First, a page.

Customer Journey

Increasing business success with an optimized Customer Journey


Customer satisfaction is the goal of every company and mostly the task of product managers and marketers. Only when the customer is satisfied with a product or service can you expect them to return or recommend it to others. That's why the user experience is more important today than ever before - and from the first contact to the end of the product lifecycle. Track your customers' individual contacts through all stages of the customer journey and draw valuable information from them.

Here you can find out what exactly the customer journey is, how mapping works for individual touch points and how you, as the person responsible in large companies, can benefit from our solutions in all phases of the product life cycle.

What is the Customer Journey?

The customer journey describes the contacts of a customer (touch points) with a brand, a product or a service in its various phases.

In today's common models, not only the actual purchase process plays a role, but also the consideration of the touch points of the post-purchase phase. Thus, the analysis of the customer journey can be used, on the one hand, classically for the recognition and use of potentials for the acquisition of new customers and, on the other hand, to evaluate and sustainably improve the entire relationship of a company with the customer.

Which customer journey model is best suited for my company?

Various models can be used in customer journey analysis, whereby all models have their strengths and weaknesses. Therefore, it is important to define the exact interest in knowledge in advance in order to be able to select a suitable model. Therefore, you should decide in advance whether you want to look at the purchase process alone or also the post-purchase phase. This will then lead to the selection of the appropriate customer journey model for you and you can begin with the analysis.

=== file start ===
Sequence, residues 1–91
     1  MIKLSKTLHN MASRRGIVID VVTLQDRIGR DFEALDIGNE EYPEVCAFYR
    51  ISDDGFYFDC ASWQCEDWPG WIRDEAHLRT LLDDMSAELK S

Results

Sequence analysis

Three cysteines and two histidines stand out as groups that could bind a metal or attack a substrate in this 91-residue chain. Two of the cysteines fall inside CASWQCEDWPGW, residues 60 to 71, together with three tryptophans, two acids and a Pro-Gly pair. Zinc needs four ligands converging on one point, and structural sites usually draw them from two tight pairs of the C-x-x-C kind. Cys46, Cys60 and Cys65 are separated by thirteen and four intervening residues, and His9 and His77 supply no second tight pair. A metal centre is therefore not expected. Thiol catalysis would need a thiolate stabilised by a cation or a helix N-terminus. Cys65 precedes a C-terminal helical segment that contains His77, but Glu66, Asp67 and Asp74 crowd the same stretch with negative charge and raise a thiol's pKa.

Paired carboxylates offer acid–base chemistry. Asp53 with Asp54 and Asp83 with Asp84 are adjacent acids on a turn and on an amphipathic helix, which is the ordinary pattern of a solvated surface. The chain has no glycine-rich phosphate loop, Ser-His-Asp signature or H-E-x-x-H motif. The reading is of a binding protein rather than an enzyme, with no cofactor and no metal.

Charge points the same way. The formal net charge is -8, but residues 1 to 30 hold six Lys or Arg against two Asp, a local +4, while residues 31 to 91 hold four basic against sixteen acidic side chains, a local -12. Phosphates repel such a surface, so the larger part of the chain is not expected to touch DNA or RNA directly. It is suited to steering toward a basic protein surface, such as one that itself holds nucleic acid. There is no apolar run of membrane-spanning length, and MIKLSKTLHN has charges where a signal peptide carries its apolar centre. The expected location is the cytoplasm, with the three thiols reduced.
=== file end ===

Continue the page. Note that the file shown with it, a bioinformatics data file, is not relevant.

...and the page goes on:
The AIDA model

The AIDA model is said to have been described for the first time as early as 1898 by advertising pioneer Elmo Lewis and is thus considered the first advertising effectiveness model. To this day, it is one of the basic principles of marketing and is used, for example, for customer journey analyses. This is because the four phases of the AIDA model allow the potential buying process of a potential customer to be traced in detail.

The four phases of the AIDA model:

  1. ATTENTION: Attract the attention of the potential customer. This step can be done through various types of advertising, both online and offline. But the goal is always the same: to arouse interest so that the customer will take a closer look at the product or service on offer.
  2. INTEREST: To increase the customer's interest in the product or service. As soon as the customer becomes more closely involved with the areas of application and the benefits of the product or service on offer, the advertising measures and content provided can be designed in a more targeted manner.
  3. DESIRE: Encourage the customer to buy. The desire is awakened in the customer to make use of the service presented or to buy the product. This happens via an intensive discussion and catchy advertising promises or information about the product, which convince the customer.
  4. ACTION: The customer buys the product. The last step of the AIDA model reflects the final action of the customer, i.e. his purchase.

The AIDA model thus represents the most important four phases of a classic customer journey. This strategy is particularly helpful when building marketing strategies that start from individual contact points and are represented as a funnel.


Weaknesses of the AIDA model

In the classic AIDA model, the focus is on the company and less on the customer perspective. Therefore, some marketing strategies cannot be implemented in the best possible way. In addition, the customer journey in this model necessarily ends with a purchase and thus excludes the specific characteristics of existing customers as well as their influence on new customers. Thus, it is more a theory of the purchase decision process, i.e. a Buyer Journey, than a Customer Journey.


The classic 5-step model

The classic 5-step model builds on the AIDA model, but also takes into account the touch points in the post-purchase phase. Particularly in our industries, we sometimes have only a few points of contact with potential customers. It is therefore particularly important here to use all possible touch points, including in the post-purchase phase, and to shape them positively through successful digital customer communication.

The 5 steps of the customer journey model:

  1. AWARENESS: The customer becomes aware of the product through well-placed advertising or recommendations.
  2. CONSIDERATION: There is an initial interest, which is why the customer finds out more about the product.
  3. PURCHASE: The customer makes a purchase decision.